A message from the CEO

The recent devastating fires have so alarmingly impacted on lives, communities, families and livelihoods from across areas including north east, south east Victoria and south east NSW. With these fires occurring so tragically early in the Bushfire season, the HWPCP (with support from our partners -  Bendigo Loddon Primary Care Partnership, Lower Hume Primary Care Partnership, Mitchell Shire Council, City of Whittlesea and Sunbury Community Health) is keen to provide our local organisations (Social Support, Health, Local Government, Education and Child and Family Services and others) with timely and accurate bushfire and trauma informed information. Understanding the immediate and longer-term impact of disaster related trauma on survivors is vital. So too is the recognition of the effects these recent tragic events can also have on survivors from earlier local or even overseas, disaster events.

Supporting and resourcing organisations with new and updated information (especially when understood through the lens of family violence, gender and culture) enables staff to continue to ‘hold’ and supportive awareness of the dynamic influence trauma has on people into the future. For everyone at the HWPCP, this has been the primary objective of this resource listing.  Recognising and respecting what these current fire events may mean for past 2009 Black Saturday communities, needs to be both ongoing and caring. In practical terms - supporting staff from local services with a selection of key documents and links from ‘beyond the fires’ and mental wellbeing through to bushfire readiness and emergency planning information, is a crucial preventative community initiative.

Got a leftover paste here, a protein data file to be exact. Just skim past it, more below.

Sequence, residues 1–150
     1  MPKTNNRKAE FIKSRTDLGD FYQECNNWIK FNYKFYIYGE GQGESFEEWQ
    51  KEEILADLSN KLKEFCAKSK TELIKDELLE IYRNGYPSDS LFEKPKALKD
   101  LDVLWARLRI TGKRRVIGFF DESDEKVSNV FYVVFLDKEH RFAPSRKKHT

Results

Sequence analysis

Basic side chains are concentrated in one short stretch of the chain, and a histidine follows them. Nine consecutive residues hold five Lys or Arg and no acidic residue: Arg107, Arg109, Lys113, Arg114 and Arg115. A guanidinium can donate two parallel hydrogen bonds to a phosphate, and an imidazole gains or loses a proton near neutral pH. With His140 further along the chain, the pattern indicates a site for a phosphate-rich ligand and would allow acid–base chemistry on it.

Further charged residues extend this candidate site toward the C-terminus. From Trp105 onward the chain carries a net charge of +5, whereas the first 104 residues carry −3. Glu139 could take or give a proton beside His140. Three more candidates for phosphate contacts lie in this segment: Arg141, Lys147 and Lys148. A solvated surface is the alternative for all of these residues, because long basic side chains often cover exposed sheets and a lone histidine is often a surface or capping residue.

Please understand that this resource compilation doesn’t seek to be a definitive listing of all resources but rather a selected set of key documents and websites. So please, we welcome your feedback and recommendations for additional service and research information.  Here is the link to the HWPCP Bushfire Support & Information 2020 resource.


Max Lee